- Pure Watercraft is bringing EV technology to boats in hopes of reducing their environmental impact.
- The EV outboard motors have been ordered by rowing coaches, pro-fishermen, the National Oceanographic and Atmospheric Administration and others.
Former rowing coach Andy Rebele started Pure Watercraft on a mission to make boating quieter and less polluting
Inspired by his love of both rowing and Tesla vehicles — Rebele owns a Model S with 92,000 miles on it, and a 3-month-old Model 3 — Pure Watercraft has developed outboard motors for boats using the same kind of powertrain technology found in electric cars.
Rebele said, "Modern emissions controls are required on cars…but there is not a single outboard motor that has a catalytic converter, so they're putting out ten times the cancer-causing pollution that a car does per gallon of gas, and there's no plan to change that." Besides Rebele said, "Boats piss people off because they are noisy, and make big waves."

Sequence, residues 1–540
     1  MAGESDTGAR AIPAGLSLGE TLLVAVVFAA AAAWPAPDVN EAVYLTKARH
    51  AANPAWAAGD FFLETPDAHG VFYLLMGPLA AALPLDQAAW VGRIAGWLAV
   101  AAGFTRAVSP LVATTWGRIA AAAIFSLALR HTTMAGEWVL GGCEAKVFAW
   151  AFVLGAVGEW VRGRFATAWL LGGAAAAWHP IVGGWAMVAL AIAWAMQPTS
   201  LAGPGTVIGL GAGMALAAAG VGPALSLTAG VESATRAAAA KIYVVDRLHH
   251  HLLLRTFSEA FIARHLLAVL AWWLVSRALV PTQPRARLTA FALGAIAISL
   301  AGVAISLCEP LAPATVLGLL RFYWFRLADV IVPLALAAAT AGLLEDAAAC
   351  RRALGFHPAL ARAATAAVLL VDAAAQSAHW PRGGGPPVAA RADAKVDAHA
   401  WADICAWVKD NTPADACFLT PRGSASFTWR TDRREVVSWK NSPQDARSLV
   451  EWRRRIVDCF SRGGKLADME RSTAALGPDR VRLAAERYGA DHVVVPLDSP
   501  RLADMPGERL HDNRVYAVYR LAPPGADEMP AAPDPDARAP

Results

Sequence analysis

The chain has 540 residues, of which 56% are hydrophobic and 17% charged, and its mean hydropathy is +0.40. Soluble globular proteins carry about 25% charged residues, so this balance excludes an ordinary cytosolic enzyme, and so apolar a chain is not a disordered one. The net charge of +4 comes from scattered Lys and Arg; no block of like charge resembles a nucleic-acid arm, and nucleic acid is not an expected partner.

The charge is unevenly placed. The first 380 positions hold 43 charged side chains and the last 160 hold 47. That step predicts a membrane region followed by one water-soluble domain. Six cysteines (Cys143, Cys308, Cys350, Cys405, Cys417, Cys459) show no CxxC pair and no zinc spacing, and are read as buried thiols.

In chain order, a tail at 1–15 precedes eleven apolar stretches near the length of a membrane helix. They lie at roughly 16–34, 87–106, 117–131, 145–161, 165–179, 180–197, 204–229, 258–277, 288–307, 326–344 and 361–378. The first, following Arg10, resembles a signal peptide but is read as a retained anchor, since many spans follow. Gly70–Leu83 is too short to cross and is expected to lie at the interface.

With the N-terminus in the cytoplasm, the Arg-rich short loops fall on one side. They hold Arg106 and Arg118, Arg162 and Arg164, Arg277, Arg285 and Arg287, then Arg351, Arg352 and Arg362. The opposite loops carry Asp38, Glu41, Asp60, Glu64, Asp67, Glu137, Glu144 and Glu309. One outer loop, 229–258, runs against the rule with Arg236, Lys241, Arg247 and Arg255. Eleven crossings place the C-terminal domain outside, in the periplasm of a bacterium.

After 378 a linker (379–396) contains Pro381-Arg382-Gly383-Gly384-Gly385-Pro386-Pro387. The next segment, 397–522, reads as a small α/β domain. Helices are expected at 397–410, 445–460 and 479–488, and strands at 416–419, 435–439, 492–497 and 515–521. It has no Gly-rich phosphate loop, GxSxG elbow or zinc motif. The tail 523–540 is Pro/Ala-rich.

It takes about a half-hour for Pure Watercraft to rig a boat with one of its EV powertrains. CNBC got a side by side comparison of a boat with a traditional engine, and one of the Pure Outboard systems. The Pure Outboard was nearly silent.
The company's systems have been ordered by rowing coaches, fishing pros, water taxi operators, companies and research organizations that go out on the water in their daily work, Rebele said.
Early customers included: a concessionaire that rents boats to visitors to Yellowstone Lake in Yellowstone Park; Ontario Power Group, which will use a Pure Watercraft system to patrol reservoirs they own and use to generate hydro-electric power; and the National Oceanographic and Atmospheric Administration (NOAA) which will be using EV-powered boats for water transport in sensitive habitat.
The Pure Outboard systems have a top speed of 25 miles per hour when installed in a typical 16-foot fishing boat. They cost $12,000 to $18,000 depending on configuration. The higher-priced set up includes two battery packs.